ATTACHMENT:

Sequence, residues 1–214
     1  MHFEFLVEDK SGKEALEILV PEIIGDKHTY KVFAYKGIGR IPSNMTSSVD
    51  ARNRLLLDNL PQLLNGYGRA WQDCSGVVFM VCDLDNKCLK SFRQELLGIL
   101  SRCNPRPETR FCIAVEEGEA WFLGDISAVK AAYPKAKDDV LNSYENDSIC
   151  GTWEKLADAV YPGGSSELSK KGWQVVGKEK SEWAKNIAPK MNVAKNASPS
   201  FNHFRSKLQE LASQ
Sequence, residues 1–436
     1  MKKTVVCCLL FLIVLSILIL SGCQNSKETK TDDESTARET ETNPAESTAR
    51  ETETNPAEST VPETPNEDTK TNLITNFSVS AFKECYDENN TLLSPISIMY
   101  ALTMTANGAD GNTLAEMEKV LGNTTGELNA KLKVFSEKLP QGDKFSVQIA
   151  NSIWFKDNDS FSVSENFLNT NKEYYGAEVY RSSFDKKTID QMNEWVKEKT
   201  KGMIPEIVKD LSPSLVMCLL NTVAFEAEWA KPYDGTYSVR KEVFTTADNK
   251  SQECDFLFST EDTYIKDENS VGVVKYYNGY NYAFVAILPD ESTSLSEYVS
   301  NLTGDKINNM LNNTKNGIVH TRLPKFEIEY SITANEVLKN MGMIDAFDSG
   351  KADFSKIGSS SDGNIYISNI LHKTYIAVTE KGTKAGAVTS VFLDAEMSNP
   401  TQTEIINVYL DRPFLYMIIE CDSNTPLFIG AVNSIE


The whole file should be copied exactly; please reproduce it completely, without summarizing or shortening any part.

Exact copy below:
Sequence, residues 1–214
     1  MHFEFLVEDK SGKEALEILV PEIIGDKHTY KVFAYKGIGR IPSNMTSSVD
    51  ARNRLLLDNL PQLLNGYGRA WQDCSGVVFM VCDLDNKCLK SFRQELLGIL
   101  SRCNPRPETR FCIAVEEGEA WFLGDISAVK AAYPKAKDDV LNSYENDSIC
   151  GTWEKLADAV YPGGSSELSK KGWQVVGKEK SEWAKNIAPK MNVAKNASPS
   201  FNHFRSKLQE LASQ
Sequence, residues 1–436
     1  MKKTVVCCLL FLIVLSILIL SGCQNSKETK TDDESTARET ETNPAESTAR
    51  ETETNPAEST VPETPNEDTK TNLITNFSVS AFKECYDENN TLLSPISIMY
   101  ALTMTANGAD GNTLAEMEKV LGNTTGELNA KLKVFSEKLP QGDKFSVQIA
   151  NSIWFKDNDS FSVSENFLNT NKEYYGAEVY RSSFDKKTID QMNEWVKEKT
   201  KGMIPEIVKD LSPSLVMCLL NTVAFEAEWA KPYDGTYSVR KEVFTTADNK
   251  SQECDFLFST EDTYIKDENS VGVVKYYNGY NYAFVAILPD ESTSLSEYVS
   301  NLTGDKINNM LNNTKNGIVH TRLPKFEIEY SITANEVLKN MGMIDAFDSG
   351  KADFSKIGSS SDGNIYISNI LHKTYIAVTE KGTKAGAVTS VFLDAEMSNP
   401  TQTEIINVYL DRPFLYMIIE CDSNTPLFIG AVNSIE